Bekir Kelceoglu, assistant professor of industrial and interaction design in the College of Visual and Performing Arts’ School of Design, was a winner in the industrial design category of the international 2018 LIT Design Awards for the mAPPLE. Kelceoglu was…
Syracuse Symposium presents expert on iconography, visual culture Oct. 8
Syracuse Symposium, whose theme this year is “Light,” continues with a lecture by William J. Thomas (W.J.T.) Mitchell, renowned theorist on iconography and visual culture. Mitchell’s presentation, which is free and open to the public, is Thursday, Oct. 8, at 7:30 p.m. in Syracuse University’s Watson Theater. The event is organized and presented by the SU Humanities Center and is funded by the Andrew W. Mellon Central New York Humanities Corridor, an interdisciplinary partnership involving SU, Cornell University and the University of Rochester. For more information, call (315) 443-7192.
“We are honored to present W.J.T. Mitchell, whose study of verbal and visual intersections is groundbreaking,” says Gregg Lambert, Dean’s Professor of the Humanities, as well as founding director of the SU Humanities Center and principal investigator of the CNY Mellon Humanities Corridor. “As an editor and theoretician, he champions the irreducible power of images. He believes that images are living things and cannot be fully explained with words.”
A scholar and theorist of media, visual art and literature, Mitchell is associated with the emergent fields of visual culture and iconology (i.e., the study of images across the media). He is known especially for his study of visual and verbal representations in social and political issues from the 1700s to the present. “My work explores the relations of visual and verbal representations,” says Mitchell, professor of English and art history at the University of Chicago. “As a teacher, I try to encourage students from a variety of disciplinary locations to think about such topics as space, place and landscape; fetishism, totemism and idolatry; violence and representation; and the arts of memory.”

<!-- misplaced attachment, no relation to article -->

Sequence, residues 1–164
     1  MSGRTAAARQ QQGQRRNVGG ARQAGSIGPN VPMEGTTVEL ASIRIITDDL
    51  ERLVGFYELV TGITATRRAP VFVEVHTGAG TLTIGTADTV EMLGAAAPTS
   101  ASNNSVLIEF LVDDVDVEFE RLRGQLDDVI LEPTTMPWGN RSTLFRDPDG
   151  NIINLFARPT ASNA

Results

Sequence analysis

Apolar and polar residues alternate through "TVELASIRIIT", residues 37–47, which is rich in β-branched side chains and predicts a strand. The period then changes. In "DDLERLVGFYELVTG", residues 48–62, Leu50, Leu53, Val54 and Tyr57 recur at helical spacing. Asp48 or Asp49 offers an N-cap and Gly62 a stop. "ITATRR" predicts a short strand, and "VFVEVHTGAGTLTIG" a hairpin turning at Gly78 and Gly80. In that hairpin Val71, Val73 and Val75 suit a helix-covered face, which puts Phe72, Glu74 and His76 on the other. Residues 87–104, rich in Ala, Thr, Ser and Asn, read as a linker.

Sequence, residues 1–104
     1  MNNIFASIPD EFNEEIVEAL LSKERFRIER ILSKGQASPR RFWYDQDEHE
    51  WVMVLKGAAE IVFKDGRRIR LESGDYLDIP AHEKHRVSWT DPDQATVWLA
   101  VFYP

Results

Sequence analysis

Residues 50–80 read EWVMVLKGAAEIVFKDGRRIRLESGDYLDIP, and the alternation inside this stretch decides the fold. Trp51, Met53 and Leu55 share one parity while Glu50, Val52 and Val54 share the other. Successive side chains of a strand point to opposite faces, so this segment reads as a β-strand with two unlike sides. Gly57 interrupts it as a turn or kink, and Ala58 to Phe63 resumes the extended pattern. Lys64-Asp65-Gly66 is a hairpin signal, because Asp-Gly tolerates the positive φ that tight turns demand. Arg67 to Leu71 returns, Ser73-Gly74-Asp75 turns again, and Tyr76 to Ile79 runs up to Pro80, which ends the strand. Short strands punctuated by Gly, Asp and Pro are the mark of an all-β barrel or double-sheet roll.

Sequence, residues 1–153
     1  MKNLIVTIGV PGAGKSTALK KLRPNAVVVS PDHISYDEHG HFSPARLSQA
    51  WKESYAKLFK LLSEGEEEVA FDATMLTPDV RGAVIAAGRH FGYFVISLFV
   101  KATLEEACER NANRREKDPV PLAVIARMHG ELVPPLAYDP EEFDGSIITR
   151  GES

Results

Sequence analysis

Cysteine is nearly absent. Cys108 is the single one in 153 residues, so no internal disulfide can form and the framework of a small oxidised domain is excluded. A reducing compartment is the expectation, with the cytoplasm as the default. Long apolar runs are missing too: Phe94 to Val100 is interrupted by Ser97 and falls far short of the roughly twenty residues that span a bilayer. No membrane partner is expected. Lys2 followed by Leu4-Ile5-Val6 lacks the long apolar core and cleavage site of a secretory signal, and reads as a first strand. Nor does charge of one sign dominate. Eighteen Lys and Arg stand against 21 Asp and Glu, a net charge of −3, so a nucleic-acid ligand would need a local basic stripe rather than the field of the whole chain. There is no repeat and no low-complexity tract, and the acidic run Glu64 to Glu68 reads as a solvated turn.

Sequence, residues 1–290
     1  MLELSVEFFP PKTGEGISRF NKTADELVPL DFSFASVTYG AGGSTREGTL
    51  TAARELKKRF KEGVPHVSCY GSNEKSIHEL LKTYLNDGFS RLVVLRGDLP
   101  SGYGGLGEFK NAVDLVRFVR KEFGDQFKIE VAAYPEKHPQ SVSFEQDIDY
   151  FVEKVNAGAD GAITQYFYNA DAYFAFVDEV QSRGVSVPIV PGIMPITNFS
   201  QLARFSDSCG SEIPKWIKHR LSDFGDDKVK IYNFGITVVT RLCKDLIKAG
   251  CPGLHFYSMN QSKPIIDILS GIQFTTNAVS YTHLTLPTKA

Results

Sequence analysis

At Chicago, Mitchell also edits Critical Inquiry, an interdisciplinary journal devoted to critical theory in the arts and human sciences. Under his leadership, the journal has devoted special issues to an array of topics, including public art, psychoanalysis, pluralism, feminism, the sociology of literature, canons, race and identity, narrative, the politics of interpretation and postcolonial theory.
Mitchell is the recipient of numerous honors and awards, including the Guggenheim Fellowship and the Morey Prize in art history, awarded by the College Art Association of America. In 2003, he received the University of Chicago’s prestigious Faculty Award for Excellence in Graduate Teaching. He has written more than a dozen books, including “The Late Derrida” with Arnold Davidson (University of Chicago Press, 2007), and has published numerous articles and reviews in scholarly publications. Translations of his work have appeared in French, German, Dutch, Danish, Swedish, Chinese and Japanese.
Located in the historic Tolley Humanities Building, the SU Humanities Center is home to the Mellon CNY Humanities Corridor, Syracuse Symposium, the Jeanette K. Watson Distinguished Visiting Professorship in the Humanities, and various scholarly initiatives. Mitchell’s appearance coincides with “Visual and Cultural Studies: The Next 20 Years,” a Mellon CNY Humanities Corridor conference at the University of Rochester Oct. 8-10.
Syracuse Symposium is an annual intellectual and artistic festival organized and presented for SU’s College of Arts and Sciences by the SU Humanities Center. This year’s festival explores the protean meaning of light, in all its senses and myriad of forms, through music, dance, the visual arts, philosophy, science and religion. The festival also attempts to bring new meaning to light through an array of lectures, performances, symposia and special events.